Why the ultimate 1967 Chevrolet Corvette can never be driven
This 1967 Chevrolet Corvette is all original and boasts less than 3000 miles from new. But it would be unwise to drive it, for one big reason...
Judging manuals and historical documentaries can’t portray original smells. Restored examples won’t sound the singular notes and rumbles of original equipment. Modified variants don’t illustrate original textures and finishes. However, this 1967 Chevrolet Corvette can.
Heading under the hammer with Mecum Auctions during its Kissimmee 2019 sake, this unrestored Corvette boasts as-new condition, having covered only 2996 miles in 51 years – all driven by the Chevrolet’s one and only owner. While most viewers would agree it appears in amazing condition and to have been barely used, it’s hidden details are not so obvious to the eye.
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Mecum’s listing goes as far to claim that the passenger seat has never been used and luggage has never been carried in the rear compartment. This is as close to time travel back to 1967 as you can physically get. Yet, you can’t drive it – here’s why.
It seems that this 1960s stalwart of automotive Americana is not intended for those to use and tinker with on the weekend. Intended for the passionate vehicular historian, this is an industrial document to be studied and preserved; not a trophy to be claimed.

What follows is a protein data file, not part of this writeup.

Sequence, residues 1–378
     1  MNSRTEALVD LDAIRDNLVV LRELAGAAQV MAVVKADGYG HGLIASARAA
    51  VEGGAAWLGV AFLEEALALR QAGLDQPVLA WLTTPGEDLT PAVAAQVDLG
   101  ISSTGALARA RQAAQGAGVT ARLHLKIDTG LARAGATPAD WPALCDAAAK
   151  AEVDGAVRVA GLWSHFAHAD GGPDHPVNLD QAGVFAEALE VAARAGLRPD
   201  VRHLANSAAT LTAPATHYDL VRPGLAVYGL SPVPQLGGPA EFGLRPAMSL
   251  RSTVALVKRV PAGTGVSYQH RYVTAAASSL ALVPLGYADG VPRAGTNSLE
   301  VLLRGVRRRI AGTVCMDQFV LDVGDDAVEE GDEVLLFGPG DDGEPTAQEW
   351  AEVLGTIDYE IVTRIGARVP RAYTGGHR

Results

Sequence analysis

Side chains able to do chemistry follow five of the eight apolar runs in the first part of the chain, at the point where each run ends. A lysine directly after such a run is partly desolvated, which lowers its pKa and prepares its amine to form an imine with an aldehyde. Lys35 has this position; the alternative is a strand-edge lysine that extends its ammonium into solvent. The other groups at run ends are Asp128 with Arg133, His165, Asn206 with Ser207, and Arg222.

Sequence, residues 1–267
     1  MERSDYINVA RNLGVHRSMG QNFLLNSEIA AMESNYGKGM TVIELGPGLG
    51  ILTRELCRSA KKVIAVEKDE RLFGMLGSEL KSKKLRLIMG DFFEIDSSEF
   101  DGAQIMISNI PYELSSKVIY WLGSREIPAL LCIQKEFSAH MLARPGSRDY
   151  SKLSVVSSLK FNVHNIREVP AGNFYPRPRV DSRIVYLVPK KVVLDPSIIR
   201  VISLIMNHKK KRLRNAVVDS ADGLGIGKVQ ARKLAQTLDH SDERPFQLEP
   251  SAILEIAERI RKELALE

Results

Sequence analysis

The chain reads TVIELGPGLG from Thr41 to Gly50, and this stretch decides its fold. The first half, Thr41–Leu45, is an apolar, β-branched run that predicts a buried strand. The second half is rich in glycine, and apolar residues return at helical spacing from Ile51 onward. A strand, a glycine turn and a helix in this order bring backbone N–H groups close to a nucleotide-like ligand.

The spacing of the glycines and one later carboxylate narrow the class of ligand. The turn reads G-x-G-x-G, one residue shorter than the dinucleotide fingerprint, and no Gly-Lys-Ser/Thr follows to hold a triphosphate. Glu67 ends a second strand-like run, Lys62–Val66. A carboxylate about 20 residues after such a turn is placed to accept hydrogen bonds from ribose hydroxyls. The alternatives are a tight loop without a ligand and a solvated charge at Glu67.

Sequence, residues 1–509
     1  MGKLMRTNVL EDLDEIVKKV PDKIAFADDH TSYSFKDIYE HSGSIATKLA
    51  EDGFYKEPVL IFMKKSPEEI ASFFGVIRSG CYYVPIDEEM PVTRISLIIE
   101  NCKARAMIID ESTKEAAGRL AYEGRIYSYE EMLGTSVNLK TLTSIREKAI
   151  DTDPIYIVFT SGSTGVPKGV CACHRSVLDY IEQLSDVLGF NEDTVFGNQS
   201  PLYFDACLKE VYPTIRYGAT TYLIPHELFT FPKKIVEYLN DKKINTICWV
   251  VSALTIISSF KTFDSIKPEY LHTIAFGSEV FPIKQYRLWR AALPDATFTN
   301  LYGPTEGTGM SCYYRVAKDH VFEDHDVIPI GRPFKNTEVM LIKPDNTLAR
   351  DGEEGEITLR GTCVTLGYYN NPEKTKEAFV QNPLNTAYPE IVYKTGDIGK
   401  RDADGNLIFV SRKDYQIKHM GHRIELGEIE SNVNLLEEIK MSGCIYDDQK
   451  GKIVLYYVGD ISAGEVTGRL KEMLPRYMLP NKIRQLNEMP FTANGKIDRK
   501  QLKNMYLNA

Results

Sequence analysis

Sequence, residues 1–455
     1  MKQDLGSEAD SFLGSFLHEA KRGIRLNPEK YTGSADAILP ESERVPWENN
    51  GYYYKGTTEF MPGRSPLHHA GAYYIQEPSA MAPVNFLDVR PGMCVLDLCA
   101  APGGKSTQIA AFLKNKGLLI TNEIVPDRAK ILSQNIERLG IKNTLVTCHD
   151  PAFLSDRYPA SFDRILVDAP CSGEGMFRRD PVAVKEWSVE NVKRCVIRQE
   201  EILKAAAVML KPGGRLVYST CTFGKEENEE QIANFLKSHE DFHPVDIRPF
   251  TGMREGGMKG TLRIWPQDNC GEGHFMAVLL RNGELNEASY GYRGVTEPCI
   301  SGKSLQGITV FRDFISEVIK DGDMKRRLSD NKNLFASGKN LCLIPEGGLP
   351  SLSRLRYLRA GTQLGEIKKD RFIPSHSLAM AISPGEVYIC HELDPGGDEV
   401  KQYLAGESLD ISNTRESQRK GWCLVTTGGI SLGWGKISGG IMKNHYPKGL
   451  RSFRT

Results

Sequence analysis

While other Corvettes fly the flag and demonstrate brute horsepower with tyre-squealing powerslides and racetrack action, Mecum’s lot #F130.1 would be better served to enter steadfast care as a reminder of what a showroom fresh Corvette was really like. Flaws included. Restored examples and renovated Corvettes are devoid of that mantra, often better than original factory specification.
There is no doubt that the Corvette remains aesthetically striking, with hefty clout under your right foot, but what does that mean for collectors? Flawless provenance is certainly present, the Chevrolet trumpeting a number of factory-installed options. Volumes of relevant documents accompany the sale and present a view of conservation activities previously – and successfully – undertaken.
A history box of GM documents, correspondence, photos, and other periodical documents, including a Prove It report, back up the Corvette’s condition.
There are scores of restored 1960s Chevrolet Corvettes out there for those who want to burn rubber, but only a handful of historically original vehicles such as this one. For more than half a century, this desirable machine has been kept in remarkable condition, and it would be a sin to see it dissolve with everyday use.
Up for the challenge? This 1967 Chevrolet Corvette requires a special kind of owner to continue its safekeeping.